Embedded in the ground at a traffic median in Woodside, Queens along Queens Boulevard is a compass rose with the words, “The Geographic Center of NYC.” It sits mostly forgotten at the intersection of 58th Street and Queens Boulevard between a Walgreens and Calvary Cemetery, but the design seems pretty official. The cardinal directions are marked, and the number 58 seems to refer to the intersection. It would have taken some effort to get this installed. The only problem: it is NOT the geographic enter of New York City. So what is? Who installed this? And do we care?
For half a century going back to at least 1942, the center of the city was allegedly in what is now Jesse Owens Playground in Bedford-Stuyvesant, Brooklyn (roughly here), though the origins of such a claim are unknown. In 2005, the Department of City Planning entered the fray, determining that the center of New York City is actually in Bushwick, Brooklyn. In 2015, the Department of City Planning told our writer Dan Thurber that they used the official NYC Borough Boundaries, clipped to the shoreline to calculate the center. Going by that, the center of New York City is on Broadway between Lawton Street and Dodworth Street, about five blocks northeast of Jesse Owens Playground.
Figures provided by NYC Department of City Planning
If you want the nitty gritty details, that map was called LION version 18C (projection NAD_1983_StatePlane_New_York_Long_Island_FIPS_3104_Feet), shown above. The Department of City Planning told Thurber that “the geographic center of NYC will vary depending upon how you define NYC, including what islands you include, what map projection is used, and whether you include areas under water.” The Department of City Planning opted to leave the areas underwater for its calculation.
In 2013, the NYC Department of Transportation also placed the center of New York City in Bushwick, but two blocks away at Broadway and Dekalb Avenue, about four blocks northeast of Jesse Owens Playground.
As explained in a previous video we published from Dan Thurber, finding the center of something has long been a popular query though not one with many practical applications (according to scientists). There have been different methods of determining the geographical center, including an early one involving balancing a cutout cardboard map of the United States and finding its balance point.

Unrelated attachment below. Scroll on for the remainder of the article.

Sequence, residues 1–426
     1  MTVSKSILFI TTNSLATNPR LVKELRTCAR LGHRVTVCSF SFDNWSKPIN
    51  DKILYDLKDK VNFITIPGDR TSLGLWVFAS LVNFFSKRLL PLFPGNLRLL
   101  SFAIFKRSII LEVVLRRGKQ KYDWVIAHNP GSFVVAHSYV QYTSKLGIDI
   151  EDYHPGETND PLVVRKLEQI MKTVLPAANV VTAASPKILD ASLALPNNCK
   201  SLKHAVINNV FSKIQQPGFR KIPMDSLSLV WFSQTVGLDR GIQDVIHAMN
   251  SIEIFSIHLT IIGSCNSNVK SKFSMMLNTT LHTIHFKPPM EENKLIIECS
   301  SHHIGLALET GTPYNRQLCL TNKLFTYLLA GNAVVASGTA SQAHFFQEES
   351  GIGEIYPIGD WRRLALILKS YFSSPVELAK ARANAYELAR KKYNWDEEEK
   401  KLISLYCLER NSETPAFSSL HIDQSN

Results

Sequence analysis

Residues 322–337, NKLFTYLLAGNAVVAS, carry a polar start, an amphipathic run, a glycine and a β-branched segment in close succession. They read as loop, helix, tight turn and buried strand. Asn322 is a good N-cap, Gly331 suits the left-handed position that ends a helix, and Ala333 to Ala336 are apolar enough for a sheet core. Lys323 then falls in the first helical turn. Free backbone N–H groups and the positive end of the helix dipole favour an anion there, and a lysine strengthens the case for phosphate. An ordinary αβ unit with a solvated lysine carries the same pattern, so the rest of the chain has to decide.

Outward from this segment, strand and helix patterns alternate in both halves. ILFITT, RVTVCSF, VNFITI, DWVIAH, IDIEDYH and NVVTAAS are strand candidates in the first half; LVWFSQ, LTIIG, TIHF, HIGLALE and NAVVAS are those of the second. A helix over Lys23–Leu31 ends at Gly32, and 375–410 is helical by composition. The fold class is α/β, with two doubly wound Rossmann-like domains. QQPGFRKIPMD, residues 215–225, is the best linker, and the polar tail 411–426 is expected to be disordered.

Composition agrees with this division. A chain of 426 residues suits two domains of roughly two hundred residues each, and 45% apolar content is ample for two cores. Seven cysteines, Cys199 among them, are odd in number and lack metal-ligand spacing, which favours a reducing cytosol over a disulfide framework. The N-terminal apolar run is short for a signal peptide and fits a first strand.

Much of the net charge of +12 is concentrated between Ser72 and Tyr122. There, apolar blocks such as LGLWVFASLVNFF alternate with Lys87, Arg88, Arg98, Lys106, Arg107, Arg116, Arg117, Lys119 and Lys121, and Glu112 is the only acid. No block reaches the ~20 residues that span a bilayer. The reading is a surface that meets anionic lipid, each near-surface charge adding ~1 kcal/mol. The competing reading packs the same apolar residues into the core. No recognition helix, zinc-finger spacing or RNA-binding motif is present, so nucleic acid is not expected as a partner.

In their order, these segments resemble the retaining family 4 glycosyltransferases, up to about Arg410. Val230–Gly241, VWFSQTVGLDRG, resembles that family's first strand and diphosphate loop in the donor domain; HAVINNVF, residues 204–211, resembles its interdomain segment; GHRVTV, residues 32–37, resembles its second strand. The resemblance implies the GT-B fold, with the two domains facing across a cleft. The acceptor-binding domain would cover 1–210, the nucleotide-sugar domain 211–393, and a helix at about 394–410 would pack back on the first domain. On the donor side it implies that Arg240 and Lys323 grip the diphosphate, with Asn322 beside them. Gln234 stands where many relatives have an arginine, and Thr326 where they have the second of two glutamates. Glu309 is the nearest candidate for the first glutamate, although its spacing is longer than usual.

In a frustratingly noncommittal answer from the U.S. Coast and Geodetic Survey and Mathematician Oscar S. Adams in 1959, “It is inevitable that there are as many geographical centers of a state or country or other as there are persons determining them. Any reasonable method employed will give a center as satisfactory as another one. This is a case in which all may differ but all be right.” This of course assumes that the underlying assumptions as to the base map and other factors are reasonable.
Adams appeared to have dedicated some decades pondering questions related to this matter, publishing with the United States government tomes like The General Theory of Equivalent Projections in 1944 (which addresses calculations to account for the curvature of the earth) and the article “Geographic Center of the United States” where the above quote is pulled from. [In junior high, yours truly submitted a math paper that went on to win some Long Island math fair awards on “Non-Euclidian Geometry” and the globe in my parents’ home still bears the scars of those experiments in how to adapt the Pythagorean theorem to the curvature of the earth].
So back to the Queens marker…nobody seems to know the origin of the marker in Woodside, based on our digging.
The NYC Department of Transportation confirmed for us that neither its agency nor the New York State DOT was responsible for the installation of that marker. We then asked Queens expert, Kevin Walsh who runs the website Forgotten New York and involved with both the Greater Astoria Historical Society and the Newtown Historical Society. Although he did not have direct knowledge of the origins of the plaque, he reached out to the Newtown Historical Society. Walsh tells us his contact there “believes it was former Parks Commissioner Henry Stern. He was quirky, giving all the triangles and parks around town distinctive names, and was fond of installing compass roses all over the place.” Stern is credited with coming up with the name for Cough Triangle (off the Gowanus Expressway), an acronym with quite the sense of humor.
Stern died in spring of 2019 so we reached out to the NYC Parks Department for comment. A press officer there told us “I looked into this marker and confirmed that it’s located on property that is not under Parks jurisdiction or management. We have no background on its origins. Very mysterious!” Meanwhile, official distances measured to and from New York City have traditionally been measured from Columbus Circle, nowhere near Bushwick or Woodside. For now, we’ve reached a dead end in terms of official organizations so we’re opening it up for crowdsourcing. Do you have any clues or potential contacts that could solve the mystery of the marker’s origins?